CIVIL SERVICE TIMES

How the US counts its votes in the presidential election, and why it’s taking so long.


As the US election verdict remains inconclusive with key swing states still individually counting votes, we take a look at how the world’s oldest democracy counts their votes, and the reason behind the delay in the results.


So, how are elections supervised in the US?


In the US, all elections — federal, state, and local — are directly organised by the ruling governments of individual states. According to the White House website, the US Constitution and laws grant the states wide latitude in how they administer elections, resulting in varying rules across the country.


In many US states, the responsibility of conducting elections falls on the state’s secretary of state — a politician who in some states is directly elected and in others appointed by the state governor.


How is the election process different from India?


In India, the Constitution under Article 324 provides for a separate rule-making Election Commission that is independent of the executive in government. Set up in 1950, it is charged with the responsibility of conducting polls to the offices of the President and Vice President of India, to Parliament, and to the state Assemblies and Legislative Councils.



In India, the ECI has been devised as an apolitical body — a key priority of the country’s founding leaders. Dr Babasaheb Ambedkar, while introducing Article 324 in the Constituent Assembly on June 15, 1949, said, “the whole election machinery should be in the hands of a Central Election Commission, which alone would be entitled to issue directives to returning officers, polling officers and others”.


So, US states vary widely when it comes to key electoral practices such as vote counting, postal voting and drawing constituencies. Often, individual states are accused of providing an unfair advantage to one political party through practices such as gerrymandering. During the Jim Crow era (late 19th century-early 20th century), states in the American South actively disenfranchised Black people– a practice that was largely curbed by the Voting Rights Act of 1965.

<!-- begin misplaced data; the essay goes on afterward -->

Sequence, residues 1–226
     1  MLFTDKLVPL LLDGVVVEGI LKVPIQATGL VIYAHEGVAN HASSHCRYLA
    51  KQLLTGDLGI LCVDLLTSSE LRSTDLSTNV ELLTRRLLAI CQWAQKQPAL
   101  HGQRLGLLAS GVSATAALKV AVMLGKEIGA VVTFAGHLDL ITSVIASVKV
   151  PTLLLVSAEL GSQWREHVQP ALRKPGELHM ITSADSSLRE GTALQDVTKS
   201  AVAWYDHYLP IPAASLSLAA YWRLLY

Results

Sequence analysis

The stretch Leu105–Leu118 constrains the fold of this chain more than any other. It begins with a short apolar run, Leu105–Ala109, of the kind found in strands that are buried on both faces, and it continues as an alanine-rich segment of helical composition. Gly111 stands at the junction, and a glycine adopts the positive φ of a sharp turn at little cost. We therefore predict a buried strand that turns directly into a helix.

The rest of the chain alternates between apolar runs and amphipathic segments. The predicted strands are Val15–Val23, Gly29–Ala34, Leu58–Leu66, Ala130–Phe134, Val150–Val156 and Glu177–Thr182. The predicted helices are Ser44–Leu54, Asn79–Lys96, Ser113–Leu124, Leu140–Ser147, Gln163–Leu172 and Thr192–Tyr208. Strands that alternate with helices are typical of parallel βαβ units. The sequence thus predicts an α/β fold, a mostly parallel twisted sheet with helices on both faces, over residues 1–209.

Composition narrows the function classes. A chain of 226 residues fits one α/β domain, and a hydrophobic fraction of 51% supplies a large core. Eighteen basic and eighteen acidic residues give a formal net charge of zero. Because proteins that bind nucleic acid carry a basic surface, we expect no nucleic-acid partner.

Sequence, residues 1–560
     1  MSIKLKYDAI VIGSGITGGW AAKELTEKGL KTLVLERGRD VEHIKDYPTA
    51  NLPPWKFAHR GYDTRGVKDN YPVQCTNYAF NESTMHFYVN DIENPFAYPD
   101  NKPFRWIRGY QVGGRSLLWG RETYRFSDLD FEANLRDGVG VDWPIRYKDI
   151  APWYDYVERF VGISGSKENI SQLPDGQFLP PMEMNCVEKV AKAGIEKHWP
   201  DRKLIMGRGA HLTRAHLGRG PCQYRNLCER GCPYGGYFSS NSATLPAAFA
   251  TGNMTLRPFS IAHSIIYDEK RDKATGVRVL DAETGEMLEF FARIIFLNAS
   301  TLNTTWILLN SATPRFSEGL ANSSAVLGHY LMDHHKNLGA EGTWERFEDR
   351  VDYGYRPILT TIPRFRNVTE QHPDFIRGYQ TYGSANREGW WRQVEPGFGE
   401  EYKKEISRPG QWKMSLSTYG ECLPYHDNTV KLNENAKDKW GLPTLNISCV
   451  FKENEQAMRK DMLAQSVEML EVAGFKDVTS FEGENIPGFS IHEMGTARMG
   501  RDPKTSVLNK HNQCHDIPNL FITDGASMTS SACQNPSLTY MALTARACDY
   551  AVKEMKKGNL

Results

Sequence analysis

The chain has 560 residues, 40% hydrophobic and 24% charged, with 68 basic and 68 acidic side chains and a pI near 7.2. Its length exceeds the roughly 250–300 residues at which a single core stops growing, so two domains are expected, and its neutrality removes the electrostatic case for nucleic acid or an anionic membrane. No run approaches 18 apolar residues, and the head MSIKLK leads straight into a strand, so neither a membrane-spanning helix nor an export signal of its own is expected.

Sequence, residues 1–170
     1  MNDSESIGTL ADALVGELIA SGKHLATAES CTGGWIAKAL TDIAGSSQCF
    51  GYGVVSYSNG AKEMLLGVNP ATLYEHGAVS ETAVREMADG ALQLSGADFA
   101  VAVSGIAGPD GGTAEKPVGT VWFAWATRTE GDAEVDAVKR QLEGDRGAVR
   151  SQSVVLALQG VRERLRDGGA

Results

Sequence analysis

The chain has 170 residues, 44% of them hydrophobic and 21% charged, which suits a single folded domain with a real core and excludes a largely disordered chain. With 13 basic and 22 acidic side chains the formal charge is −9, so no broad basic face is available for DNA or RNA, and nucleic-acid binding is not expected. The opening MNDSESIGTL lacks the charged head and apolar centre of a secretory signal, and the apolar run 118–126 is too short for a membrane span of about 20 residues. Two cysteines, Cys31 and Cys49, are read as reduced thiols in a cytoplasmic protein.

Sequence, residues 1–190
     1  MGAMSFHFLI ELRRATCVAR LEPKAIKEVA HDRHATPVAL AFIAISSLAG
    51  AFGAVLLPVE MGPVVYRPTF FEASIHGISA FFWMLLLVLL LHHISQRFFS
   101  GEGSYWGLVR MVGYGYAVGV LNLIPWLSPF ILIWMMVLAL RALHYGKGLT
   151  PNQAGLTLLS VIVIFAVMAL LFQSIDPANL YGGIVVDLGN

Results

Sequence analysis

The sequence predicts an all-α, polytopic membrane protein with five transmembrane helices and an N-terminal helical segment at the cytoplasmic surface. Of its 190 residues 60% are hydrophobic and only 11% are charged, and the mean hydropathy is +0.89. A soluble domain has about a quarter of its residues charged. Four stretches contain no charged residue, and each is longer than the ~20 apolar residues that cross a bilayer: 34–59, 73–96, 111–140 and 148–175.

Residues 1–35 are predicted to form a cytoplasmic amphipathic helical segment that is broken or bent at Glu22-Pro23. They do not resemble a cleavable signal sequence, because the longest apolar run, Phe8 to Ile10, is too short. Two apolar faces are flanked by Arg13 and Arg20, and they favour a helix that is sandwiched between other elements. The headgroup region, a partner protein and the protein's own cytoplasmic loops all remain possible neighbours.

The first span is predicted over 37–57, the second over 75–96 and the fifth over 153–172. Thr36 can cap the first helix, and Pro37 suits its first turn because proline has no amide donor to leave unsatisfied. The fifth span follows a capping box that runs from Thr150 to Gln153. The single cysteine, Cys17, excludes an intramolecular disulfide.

Why counting votes in Election 2020 is taking time


Although most US states allow electronic methods, paper ballots are the norm across the country. Ahead of counting comes a stage called processing, which involves checking signatures, verifying documentation, and perhaps even scanning the ballots. Counting votes is a separate, and later, process.


Each state has its own date for starting in-person or mail-in voting, deadline for receiving the mail-in ballots, processing the ballots, and tabulating votes.


To take two examples: In Arizona, mailing of ballots started on October 7, accepted until Election Day, and counting has been on since October 20; in Ohio, processing started on October 6, mail-in ballots can be received up to November 13 but they must be postmarked by November 2, and counting started on November 3.


As counting entered its third day in the United States, Indians on social media expressed their admiration for the Election Commission of India, attempting to draw a comparison between the two nations although the processes are quite different.


Former Union minister Milind Deora tweeted, saying: “We Indians should be proud of our Election Commission for overseeing 650 parties, 8,000 candidates & 603 million voters in 2019!”

Source: The Indian Express

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